Oh, the PS3. A problematic console from the start, with its strange Cell processor and its status somewhere between home entertainment system and games console. I suspect it only succeeded because of Sony’s muscle at the time, having emerged from the last console wars as a winner.
But this isn’t about the PS3, or only insofar as inFamous 2 is one of the titles that really, really taxes the system, and is a PS3 exclusive. Here’s inFamous 2 in a few paragraphs, maybe enough of them stick for you that you’ll give this game a chance:
The synopsis is this: You’re a freak who gets electricity-based superpowers, but now you can’t drive a car anymore and water kills you. Make sense so far? But you gotta save the world from the The Beast that approaches the Floridaesque or New Orleansy coastal city of New Marais.
Writing, characters, story
There is excellent writing (for an action game) with solid characterization and great voice work. The lead character, Cole, is interesting because the voice actor (Eric Ladin) does this gruff-sexy-action-hero type of gravely monotone, but he puts just the right amount of emotional nuance into it to make it interesting. The lines he gets are often surprisingly human. These people talk just like people! The game won’t bore you with ages of exposition, each dialog is just the minimal amount of information to move the story forward, delivered in short well-written bursts.
Graphics and sound
You’ll find breathtaking environments. Think Zelda: Breath of the Wild invented the scenic third-person game? Think again. inFamous 2 has beautiful vistas by the truckload. Particularly the skyboxes are astonishing — depending on the mood they want to create, they either look like something from a comic book or something from an apocalyptic classical painting.
Lighting is carefully chosen in general, with the whole scene bathed in a bluish twilight here or a dark orange sunset glow there. The architecture also deserves to be mentioned. It’s as if the developers had worked with an architect and a city planner to lay out the areas. Wood shacks and half-collapsed brick houses in Flood Town, colonial redbrick and a huge cathedral in the main part of town, an industrial wasteland full of gas tanks, train tracks and repair warehouses in the, err, industrial part. It all looks believable and organic.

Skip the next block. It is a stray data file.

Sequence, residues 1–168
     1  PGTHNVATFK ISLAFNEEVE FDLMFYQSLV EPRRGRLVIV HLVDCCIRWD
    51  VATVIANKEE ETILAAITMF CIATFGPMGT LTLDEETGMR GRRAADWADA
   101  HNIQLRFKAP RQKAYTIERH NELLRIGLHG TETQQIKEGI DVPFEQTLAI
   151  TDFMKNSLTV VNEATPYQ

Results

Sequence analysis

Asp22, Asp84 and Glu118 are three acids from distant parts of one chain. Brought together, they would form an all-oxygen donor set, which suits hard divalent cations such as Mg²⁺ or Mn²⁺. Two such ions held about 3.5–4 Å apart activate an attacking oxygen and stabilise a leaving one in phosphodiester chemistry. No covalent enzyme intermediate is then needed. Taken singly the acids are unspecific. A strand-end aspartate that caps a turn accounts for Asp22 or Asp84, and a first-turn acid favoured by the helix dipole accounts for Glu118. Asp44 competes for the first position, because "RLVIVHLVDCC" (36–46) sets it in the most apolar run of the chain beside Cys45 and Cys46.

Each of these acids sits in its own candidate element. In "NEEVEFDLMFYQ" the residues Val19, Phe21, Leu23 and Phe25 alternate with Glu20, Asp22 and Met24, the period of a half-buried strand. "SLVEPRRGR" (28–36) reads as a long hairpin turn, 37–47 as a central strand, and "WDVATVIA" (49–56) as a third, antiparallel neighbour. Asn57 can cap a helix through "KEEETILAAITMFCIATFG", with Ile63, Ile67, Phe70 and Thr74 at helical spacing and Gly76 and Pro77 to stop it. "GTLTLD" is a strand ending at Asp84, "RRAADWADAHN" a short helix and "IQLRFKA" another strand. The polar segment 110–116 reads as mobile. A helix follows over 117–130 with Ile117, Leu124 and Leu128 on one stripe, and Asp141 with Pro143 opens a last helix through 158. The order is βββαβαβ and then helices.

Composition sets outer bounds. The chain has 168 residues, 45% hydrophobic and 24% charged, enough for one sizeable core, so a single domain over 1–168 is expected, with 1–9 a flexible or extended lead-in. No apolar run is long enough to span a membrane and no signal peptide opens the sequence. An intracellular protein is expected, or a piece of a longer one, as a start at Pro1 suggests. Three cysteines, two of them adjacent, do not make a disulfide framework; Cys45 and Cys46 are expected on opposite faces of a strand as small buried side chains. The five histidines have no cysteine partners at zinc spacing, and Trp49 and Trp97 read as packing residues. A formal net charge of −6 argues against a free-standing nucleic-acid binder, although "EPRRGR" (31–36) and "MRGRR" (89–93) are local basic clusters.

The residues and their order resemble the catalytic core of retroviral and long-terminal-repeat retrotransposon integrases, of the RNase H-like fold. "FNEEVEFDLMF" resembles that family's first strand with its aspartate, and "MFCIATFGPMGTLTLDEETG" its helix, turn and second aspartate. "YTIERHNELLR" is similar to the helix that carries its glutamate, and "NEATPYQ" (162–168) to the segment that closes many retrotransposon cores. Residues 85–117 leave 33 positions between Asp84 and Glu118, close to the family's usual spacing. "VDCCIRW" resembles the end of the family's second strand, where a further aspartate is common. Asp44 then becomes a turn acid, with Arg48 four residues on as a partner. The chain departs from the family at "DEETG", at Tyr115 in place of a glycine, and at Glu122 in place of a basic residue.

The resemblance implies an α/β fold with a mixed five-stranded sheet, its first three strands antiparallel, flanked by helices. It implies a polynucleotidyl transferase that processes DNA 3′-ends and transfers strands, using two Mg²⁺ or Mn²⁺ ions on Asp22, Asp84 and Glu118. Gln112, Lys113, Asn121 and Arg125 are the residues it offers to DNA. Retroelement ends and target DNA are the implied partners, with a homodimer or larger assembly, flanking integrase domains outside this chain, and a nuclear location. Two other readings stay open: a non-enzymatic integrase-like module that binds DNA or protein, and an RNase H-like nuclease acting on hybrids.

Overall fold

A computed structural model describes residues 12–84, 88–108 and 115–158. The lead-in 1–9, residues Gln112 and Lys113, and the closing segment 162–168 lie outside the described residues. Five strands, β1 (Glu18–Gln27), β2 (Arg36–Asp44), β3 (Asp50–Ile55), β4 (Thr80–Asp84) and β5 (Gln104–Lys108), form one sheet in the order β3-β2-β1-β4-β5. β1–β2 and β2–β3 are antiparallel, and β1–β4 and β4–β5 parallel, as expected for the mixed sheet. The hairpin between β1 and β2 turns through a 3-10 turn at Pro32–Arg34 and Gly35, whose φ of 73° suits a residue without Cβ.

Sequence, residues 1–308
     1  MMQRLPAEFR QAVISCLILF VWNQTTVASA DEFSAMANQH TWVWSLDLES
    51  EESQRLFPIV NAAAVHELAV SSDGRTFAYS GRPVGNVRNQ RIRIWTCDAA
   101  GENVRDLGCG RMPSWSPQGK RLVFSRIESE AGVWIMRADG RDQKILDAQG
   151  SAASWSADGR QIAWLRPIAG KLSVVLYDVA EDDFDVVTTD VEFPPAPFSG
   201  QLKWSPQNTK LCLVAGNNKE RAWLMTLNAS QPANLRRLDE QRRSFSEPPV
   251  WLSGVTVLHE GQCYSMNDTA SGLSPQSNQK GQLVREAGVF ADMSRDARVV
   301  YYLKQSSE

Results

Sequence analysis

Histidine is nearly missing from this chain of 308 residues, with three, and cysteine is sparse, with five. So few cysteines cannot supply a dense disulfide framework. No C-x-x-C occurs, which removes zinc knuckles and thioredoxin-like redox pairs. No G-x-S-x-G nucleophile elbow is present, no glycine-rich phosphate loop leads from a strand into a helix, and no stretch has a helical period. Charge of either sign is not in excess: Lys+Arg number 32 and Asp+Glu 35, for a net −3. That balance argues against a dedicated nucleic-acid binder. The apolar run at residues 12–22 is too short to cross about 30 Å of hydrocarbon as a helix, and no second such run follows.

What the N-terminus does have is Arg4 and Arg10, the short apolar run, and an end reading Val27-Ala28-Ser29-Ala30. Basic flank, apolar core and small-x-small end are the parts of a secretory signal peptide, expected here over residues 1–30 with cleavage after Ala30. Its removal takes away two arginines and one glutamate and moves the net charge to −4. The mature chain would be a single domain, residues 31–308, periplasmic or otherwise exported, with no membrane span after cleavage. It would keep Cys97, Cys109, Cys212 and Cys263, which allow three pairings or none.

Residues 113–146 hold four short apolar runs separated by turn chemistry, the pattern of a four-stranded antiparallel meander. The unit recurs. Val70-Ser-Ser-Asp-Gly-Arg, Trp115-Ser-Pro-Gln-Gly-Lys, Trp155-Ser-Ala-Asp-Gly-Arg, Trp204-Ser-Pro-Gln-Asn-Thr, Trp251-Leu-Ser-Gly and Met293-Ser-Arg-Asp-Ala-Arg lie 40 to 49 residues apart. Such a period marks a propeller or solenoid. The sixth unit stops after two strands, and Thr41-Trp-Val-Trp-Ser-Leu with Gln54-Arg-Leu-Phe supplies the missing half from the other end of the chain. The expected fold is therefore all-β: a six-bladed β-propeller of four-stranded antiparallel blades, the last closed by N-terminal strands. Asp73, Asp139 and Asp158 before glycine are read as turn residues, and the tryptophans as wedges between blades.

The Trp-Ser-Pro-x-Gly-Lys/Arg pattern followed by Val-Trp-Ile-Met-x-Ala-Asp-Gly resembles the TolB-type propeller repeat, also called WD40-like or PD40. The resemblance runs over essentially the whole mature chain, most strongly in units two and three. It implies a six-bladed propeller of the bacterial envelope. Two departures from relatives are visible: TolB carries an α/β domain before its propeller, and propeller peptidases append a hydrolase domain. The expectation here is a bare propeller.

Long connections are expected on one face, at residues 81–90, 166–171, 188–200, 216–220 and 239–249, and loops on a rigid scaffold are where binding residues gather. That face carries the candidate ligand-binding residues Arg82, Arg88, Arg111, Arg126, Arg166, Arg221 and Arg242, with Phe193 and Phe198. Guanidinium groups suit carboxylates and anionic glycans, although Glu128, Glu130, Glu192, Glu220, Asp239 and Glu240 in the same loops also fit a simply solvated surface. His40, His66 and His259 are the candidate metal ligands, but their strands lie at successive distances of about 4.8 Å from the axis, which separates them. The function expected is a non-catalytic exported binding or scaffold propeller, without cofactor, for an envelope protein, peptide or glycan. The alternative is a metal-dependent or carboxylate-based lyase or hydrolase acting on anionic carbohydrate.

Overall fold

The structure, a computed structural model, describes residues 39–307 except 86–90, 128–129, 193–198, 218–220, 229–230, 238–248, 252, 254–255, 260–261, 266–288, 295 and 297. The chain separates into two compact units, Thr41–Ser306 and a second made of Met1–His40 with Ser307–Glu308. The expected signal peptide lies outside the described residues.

Textures deserve to be mentioned as well, as I haven’t seen many PS3 games with such varied and careful texture work. Bricks and rocks have a palpable rough feel to them, colors in the main part of town are chosen carefully to be muted so that the many neon signs and lights pop out. Scenes with water feel glistening and wet.
This sequel has much more accessible gameplay than inFamous 1. That alone sets it apart enough for me. You unlock superpowers at just the right rate, and you feel like a badass as you climb through the cityscape or grind on a powerline. There aren’t any of those annoying tutorial levels like in inFamous 1, so in case you’re worrying about that, worry not.
You’ll be facing hundreds of normal, smaller enemies that each use different tactics, and usually the AI is good enough to make things interesting. You rarely feel totally overpowered, so you can rarely just stop thinking. Sometimes the AI gets stuck in corners, especially if you are very far away, but that’s fine. Most of your powers don’t have enough range to hit then anyway, and when you move closer the AI wakes from its daze and joins the fight again.